Hebrews 4:12-13

“For the Word of God is full of life and power, penetrating deeper than the sharpest two-edged sword, severing soul from spirit, to the very innermost parts of one’s being, and is able to detect the secret motives of the heart. Neither is there any created thing that can escape God’s scrutiny, but everything is completely exposed to the eyes of Him to whom we will one day give account.”   (paraphrased)

v. 12
As the second warning concludes, the writer makes us aware of the dynamics of God’s Word. He proceeds to show how His Word, whether written or spoken, scrutinizes the secret desires and intentions of every heart. While grass withers and flowers fade, the Word of God will stand forever (I Pet. 1:24). The prophets, Moses, Aaron and Joshua have all passed away, but the oracles of God remain.

God’s Word is alive, active and efficient. The term “powerful” is energes, from whence we derive our word energy. The words of human beings may be dynamic, but in comparison they are powerless. Because His Word is an extension of Himself, it efficiently accomplishes what it is designed to do. We are born again through the living Word of God (I Pet. 1:23). It maintains its power and force when it comes to us - whether through His Spirit or the printed page. It comforts, cleanses, chastens, convicts, and corrects us. Jesus said His words are spirit and life (Jn. 6:63). His remarks are not enigmas simply to be pondered: they demand a response.

God’s Word, like a double-edged sword, slices deeper than the sharpest blade. Piercing pictures a surgeon’s knife, dissecting and laying open the innermost recesses of the heart. It probes like a doctor who has the patient’s best interests in mind. The Word opens us up to discover and remove that which is diseased. Although the Word may be painful as it pierces, what it exposes can be healed by our Great Physician (Mk. 2:17).

God’s Word divides soul and spirit. Psyche (soul) is that which animates and gives life to the physical body. Pneuma (spirit) pertains to the spiritual aspect of an individual. Only the Bible can sort out problems that arise in both soul and spirit.

God’s Word divides joints and marrow. The author uses the analogy of body parts to represent the hidden places of the heart. Bone joints and marrow are so closely connected, they cannot actually be severed. The writer implies this is humanly impossible. He uses a poetical form of expression to show how the Word penetrates deep into the subconscious, as the sharpest knife might cut through bone and marrow. The thought here is not the actual separation of the two, but rather how the Word exposes our intrinsic secrets. 

God’s Word discerns and uncovers - testing thoughts and intentions. In the Greek, the word “discern” is kritikos from which we derive our word critic. This term means to divide or separate. Kritikos means God’s Word differentiates between what one believes is true and what God knows is true. Kritikos is also used in the sense of a judge who sifts evidence to obtain the truth. No one can escape the infallible, impartial verdict of God’s Word. It searches us, analyzing both motives and actions.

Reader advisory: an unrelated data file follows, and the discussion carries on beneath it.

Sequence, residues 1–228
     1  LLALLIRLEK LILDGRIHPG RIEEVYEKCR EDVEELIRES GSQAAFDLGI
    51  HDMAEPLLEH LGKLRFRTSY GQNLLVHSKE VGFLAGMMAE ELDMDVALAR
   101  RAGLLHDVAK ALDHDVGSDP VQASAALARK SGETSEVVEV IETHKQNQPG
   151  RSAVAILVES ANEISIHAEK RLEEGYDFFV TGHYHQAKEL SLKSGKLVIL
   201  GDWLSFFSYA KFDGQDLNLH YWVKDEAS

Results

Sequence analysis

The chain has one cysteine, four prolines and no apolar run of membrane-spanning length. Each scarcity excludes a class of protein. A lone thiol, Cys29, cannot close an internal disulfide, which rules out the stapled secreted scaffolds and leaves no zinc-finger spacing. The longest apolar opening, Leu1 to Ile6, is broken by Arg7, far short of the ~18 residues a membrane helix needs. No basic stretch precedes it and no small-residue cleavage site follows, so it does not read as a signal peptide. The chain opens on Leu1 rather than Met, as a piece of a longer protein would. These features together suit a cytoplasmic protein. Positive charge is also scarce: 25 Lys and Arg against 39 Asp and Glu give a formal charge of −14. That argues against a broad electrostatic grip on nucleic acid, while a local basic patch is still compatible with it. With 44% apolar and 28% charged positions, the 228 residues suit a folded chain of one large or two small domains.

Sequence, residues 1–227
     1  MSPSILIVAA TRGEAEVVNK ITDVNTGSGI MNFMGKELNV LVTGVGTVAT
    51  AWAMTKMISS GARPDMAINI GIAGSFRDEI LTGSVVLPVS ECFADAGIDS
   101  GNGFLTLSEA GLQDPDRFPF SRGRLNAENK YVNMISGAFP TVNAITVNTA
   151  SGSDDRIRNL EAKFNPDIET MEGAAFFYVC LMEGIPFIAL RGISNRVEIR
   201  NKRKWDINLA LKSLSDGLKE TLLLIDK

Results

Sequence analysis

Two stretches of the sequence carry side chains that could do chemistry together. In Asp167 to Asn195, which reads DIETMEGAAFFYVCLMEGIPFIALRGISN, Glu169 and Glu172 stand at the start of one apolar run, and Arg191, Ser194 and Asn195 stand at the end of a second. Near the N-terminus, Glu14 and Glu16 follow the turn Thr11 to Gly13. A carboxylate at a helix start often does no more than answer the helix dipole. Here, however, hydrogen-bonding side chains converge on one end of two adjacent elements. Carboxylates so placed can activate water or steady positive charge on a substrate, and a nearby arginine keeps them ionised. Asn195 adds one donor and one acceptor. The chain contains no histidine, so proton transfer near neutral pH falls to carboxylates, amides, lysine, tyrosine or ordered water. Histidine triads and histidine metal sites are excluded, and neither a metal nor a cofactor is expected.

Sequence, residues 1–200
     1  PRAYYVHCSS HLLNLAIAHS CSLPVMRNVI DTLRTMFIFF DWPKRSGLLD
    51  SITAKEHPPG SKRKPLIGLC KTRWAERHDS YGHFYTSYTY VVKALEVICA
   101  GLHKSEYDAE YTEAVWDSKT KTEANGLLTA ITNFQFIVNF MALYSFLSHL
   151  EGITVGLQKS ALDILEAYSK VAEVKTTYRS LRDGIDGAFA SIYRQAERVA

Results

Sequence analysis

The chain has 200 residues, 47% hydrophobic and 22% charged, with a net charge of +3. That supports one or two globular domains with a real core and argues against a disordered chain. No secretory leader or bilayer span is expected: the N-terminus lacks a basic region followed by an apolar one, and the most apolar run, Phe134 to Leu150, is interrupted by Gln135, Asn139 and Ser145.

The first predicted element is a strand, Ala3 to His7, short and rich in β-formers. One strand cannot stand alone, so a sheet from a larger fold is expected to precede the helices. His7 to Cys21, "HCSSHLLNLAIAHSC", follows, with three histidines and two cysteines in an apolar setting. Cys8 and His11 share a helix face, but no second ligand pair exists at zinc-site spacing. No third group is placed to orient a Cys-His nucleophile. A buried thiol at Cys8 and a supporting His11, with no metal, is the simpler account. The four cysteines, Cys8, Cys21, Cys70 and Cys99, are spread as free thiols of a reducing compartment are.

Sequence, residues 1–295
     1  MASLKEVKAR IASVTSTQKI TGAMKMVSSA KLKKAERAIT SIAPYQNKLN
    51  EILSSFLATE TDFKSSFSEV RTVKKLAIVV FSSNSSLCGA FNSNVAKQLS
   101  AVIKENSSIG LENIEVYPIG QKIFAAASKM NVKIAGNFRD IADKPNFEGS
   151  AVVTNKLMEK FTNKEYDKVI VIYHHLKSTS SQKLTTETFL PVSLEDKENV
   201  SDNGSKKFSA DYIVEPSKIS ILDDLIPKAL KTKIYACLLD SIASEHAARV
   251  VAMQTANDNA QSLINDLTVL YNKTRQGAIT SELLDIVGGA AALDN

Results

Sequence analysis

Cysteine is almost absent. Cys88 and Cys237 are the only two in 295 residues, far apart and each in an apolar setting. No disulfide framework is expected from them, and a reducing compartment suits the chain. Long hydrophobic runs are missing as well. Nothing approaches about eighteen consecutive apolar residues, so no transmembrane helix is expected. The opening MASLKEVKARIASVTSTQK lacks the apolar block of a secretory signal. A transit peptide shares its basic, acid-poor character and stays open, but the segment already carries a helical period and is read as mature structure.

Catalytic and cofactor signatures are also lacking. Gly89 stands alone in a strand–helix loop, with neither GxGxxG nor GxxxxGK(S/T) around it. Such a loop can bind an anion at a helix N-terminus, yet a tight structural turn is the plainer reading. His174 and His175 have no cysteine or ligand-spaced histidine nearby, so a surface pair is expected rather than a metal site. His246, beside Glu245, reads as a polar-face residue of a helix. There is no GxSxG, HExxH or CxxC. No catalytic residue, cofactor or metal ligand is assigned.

Thoughts refer to ones emotions, whereas intents refer to the intellect. God’s Word can expose, explore, and evaluate both. While no psychologist can fathom how the conscious and subconscious effectively function, the Word lays bare our thoughts, desires, and emotions. It remains unchanged and unchangeable. Heaven and earth will pass away, but the Word of God will not (Matt. 5:18).

v. 13
Because God’s Word uncovers everything, it is logical that He is aware of everything. All created things are perpetually within the Creator’s view. It is utterly impossible for anything to be hidden from Him. All is laid bare and compelled to meet His eyes. Adam and Eve tried and failed to hide from God (Gen. 3:10). The Lord asks, “Can any man hide himself in secret places that I shall not see him?” (Jer. 23:24).

“Open” is trachelizo, from which we derive the word tracheotomy. The concept here is the bending back of the neck in preparation for the slaying of a sacrificial victim. This complements the figure of the sword in the previous verse and serves as a link with the passage that follows regarding Christ’s priestly ministry. As High Priest, everything is openly exposed to His scrutiny. We must offer ourselves as living sacrifices (Rom. 12:1). All intelligent life is exposed to the view of the One whose Word is a two-edged sword (Rev. 19:15).

The One with whom “we have to do” means God will call us to account for both our thoughts and actions. Because Jesus searches our hearts, His judgment is inescapable (Rev. 2:23). We may conceal things from human beings, but not from God. While we may avert eye contact with others, we will be compelled to look God in the face. The writer strongly cautions his readers to be attentive to this fact.


QUESTIONS: SECOND WARNING: DON’T DOUBT (Part 4)

Hebrew 4:12-13


1. List three way in which the Word of God is better than a two-edged sword.

2. What does Paul call the Word of God in Ephesians 6:17?

3. According to Revelation 19:15, to what is God’s Word compared?

4. List several things that make God’s Word profitable.  (II Tim. 3:16-17)

5. What term is used to describe God’s Word in Psalm 12:6?

6. How are Jesus’ words described in Luke 4:22?

7. From Psalm 119, list the various terms used to describe God’s Word.

  v. 1 ______________________________________

  v. 4 ______________________________________

  v. 5 ______________________________________

  v. 6 ______________________________________

8. According to John 14:23, what is the proof that we truly love Jesus? 

9. Discuss with your mate your favorite passage of Scripture. Why is this passage so precious to you?


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